Head to the Events page for more details or if you would like to book a place at one of these events.
Through various stories and blog posts our project has uncovered both the turbulent and triumphant history of sailors of African descent in Hull and East Yorkshire. We have explored the lives of individual seaman, themes such as economic hardship, racism, suicide and crime alongside larger stories on the history of sailors with Black heritage in our region. However, we are still finding new material which uncovers more information about the seamen of African descent who visited, lived and worked in Hull and East Yorkshire. This blog post focuses on the dangers of working in the maritime sphere and reveals the names of men who tragically perished.
The most common cause of death for seaman was drowning. During the First and Second War many sailors drowned after their vessels were sunk by enemy fire. These included seamen with Black heritage who had a connection to our region, such as Adolphus Meheux, Jim Bailey and William George Ash who are all featured in this project. However, during peacetime one of the biggest determining factors of a safe voyage was the weather. On 10 February 1871, the Great Gale, which was a severe storm in the North Sea, struck the East coast of northern England. When the storm hit, vessels near Bridlington found themselves in desperate trouble and many were wrecked. Around 50 men, at least one of whom was believed to be of African descent, lost their lives because of the Great Gale. A witness recorded “One body being that of the coloured man who escaped from the brig that struck near to the end of… [Bridlington] pier and whose splendid swimming would have saved him but he was disabled by breaking his leg in some way, and the poor fellow was thus compelled to succumb to the waves through which he had battled so bravely, and sank close to the north side of the pier.” Sadly, very few of the sailor’s bodies were identified thus we have not been able to trace this man’s identity. Bad weather was extremely dangerous and posed a threat to the safety of all sailors. Half a century after the Great Gale, tempestuous weather claimed the life of another seaman of African descent. On 25 October 1921, the steam trawler Gamecock arrived back in Hull with the news that their boatswain Ernie Jones, who lived at 76 Campbell Street, had been washed overboard during a terrible storm.  More recently, Adam Ali lost his life on board the Kingston Peridot after the vessel encountered bad weather and sank in late January 1968 (read the Ali's family story).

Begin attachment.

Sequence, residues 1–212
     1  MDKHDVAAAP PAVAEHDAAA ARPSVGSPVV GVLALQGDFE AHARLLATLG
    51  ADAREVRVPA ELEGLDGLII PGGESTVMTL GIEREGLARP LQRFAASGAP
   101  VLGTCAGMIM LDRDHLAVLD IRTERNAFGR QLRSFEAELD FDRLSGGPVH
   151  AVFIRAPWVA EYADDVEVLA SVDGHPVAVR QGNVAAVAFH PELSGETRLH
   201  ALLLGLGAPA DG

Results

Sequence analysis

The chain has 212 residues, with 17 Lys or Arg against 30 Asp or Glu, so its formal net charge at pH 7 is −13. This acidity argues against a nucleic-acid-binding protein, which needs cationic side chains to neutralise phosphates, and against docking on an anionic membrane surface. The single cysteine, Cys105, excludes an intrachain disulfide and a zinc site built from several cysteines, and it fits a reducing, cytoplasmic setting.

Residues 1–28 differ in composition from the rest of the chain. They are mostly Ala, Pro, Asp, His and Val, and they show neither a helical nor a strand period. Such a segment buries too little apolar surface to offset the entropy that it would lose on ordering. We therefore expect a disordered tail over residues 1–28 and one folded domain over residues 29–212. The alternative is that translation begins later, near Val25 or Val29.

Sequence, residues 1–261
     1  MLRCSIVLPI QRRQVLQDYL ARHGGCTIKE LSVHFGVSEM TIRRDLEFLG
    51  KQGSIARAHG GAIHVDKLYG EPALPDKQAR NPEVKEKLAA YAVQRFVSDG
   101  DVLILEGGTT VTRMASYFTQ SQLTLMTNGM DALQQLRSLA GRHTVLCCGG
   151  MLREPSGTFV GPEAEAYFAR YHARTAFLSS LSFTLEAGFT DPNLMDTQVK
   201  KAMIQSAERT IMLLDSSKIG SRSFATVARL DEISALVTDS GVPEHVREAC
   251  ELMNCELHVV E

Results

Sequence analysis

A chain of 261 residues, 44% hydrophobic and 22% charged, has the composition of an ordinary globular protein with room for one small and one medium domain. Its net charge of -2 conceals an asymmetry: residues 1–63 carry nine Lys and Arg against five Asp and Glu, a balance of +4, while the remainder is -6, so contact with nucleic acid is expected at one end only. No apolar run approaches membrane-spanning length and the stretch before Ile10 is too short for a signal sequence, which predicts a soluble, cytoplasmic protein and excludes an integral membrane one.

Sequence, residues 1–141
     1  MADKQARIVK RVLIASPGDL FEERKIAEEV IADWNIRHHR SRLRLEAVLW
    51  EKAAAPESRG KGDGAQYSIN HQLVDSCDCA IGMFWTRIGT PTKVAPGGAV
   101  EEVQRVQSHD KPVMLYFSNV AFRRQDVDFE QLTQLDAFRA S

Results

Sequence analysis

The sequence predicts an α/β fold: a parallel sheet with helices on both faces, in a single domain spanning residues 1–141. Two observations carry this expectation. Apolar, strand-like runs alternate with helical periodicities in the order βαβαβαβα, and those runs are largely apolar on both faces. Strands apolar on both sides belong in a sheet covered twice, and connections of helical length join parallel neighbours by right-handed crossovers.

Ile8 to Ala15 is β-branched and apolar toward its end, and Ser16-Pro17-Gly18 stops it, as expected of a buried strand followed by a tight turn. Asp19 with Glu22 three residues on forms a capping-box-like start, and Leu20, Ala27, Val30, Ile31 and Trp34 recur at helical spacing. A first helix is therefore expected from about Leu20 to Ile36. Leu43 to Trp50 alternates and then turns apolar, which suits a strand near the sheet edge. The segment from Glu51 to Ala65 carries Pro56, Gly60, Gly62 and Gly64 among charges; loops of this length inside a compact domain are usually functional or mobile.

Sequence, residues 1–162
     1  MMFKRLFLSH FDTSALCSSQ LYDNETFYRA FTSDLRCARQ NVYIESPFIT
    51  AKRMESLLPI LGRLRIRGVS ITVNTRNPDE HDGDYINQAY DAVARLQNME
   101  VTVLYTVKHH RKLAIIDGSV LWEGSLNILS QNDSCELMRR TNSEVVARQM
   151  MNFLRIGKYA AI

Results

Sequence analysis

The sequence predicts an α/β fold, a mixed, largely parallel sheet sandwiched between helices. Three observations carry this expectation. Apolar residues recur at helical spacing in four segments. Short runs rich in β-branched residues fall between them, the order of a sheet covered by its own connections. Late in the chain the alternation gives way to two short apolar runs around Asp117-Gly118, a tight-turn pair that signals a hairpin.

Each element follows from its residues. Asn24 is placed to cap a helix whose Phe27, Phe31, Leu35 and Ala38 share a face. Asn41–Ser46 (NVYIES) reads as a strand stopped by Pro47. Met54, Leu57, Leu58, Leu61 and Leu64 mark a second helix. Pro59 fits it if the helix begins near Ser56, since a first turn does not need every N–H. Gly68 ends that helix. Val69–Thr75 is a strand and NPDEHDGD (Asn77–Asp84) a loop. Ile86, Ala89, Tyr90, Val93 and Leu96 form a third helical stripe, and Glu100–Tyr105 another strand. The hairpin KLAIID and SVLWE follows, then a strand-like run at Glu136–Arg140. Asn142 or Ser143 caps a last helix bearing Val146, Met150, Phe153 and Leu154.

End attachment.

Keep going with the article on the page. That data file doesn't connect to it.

As well as drowning at sea, the bodies of sailors were also found in local docks. How they ended up falling into the water in many cases remains a mystery. It is possible that some of the sailors had fallen from the dockside or from their ships when drunk. However, it is remarkable to consider that despite making their living on board ships, many sailors were not strong swimmers. For example, in January 1912, Harry Williams, a seaman of African descent from the Elswick Hall was found in the Albert Dock basin. He had been reported missing in late December and was identified by his hat which was floating beside his body. A verdict on his death was returned as “Found drowned.”  A further example is one of Arthur Douglas, a 52-year-old Jamaican sailor who was pulled from the docks on 12 January 1941. He had been drunk when he was last seen in October and had not returned to his ship. Local police surgeon, Dr Scott stated that his body appeared to have been in the water for around 10 weeks. An inquest into his death also returned a verdict of “Found drowned.” 
Another tragedy in January 1912 resulted in ‘coloured’ seaman, Frederick Hoford, drowning in the Alexandra Dock when trying to save another sailor of African descent. Joseph Daniels, a coal heaver, of Rose Cottages, Marfleet witnessed the events that unfolded. He met the two sailors who were lost and showed them back to the dock area. When they had identified their ship, Daniels left the men and walked only a few yards when he heard a splash and saw Davis in the water. He threw a rope which Davis caught but Holfod had already jumped into the dock unbeknown to onlookers. It was not until Davis was rescued that it was realised the other man had drowned trying to save his friend.  In 1941, the body of another sailor of African descent was fished out of the docks. It was reported that South African seaman, John Spottie, had accidently fallen into King George Dock when he was returning to his ship during a blackout. 
Although, the predominant cause of death for sailors was drowning, other accidents and tragedies also occurred. For example, in January 1916, two laundrymen, Joshua Macauley and Jonas Williams from Sierra Leone were found dead in the washhouse of the Elizabethville which traded between Hull and the Congo and typically carried an all African crew.  They had apparently been suffocated by fumes from a charcoal fire while in King George Dock.  An inquest was held in Hull regarding their deaths but more information has yet to be found.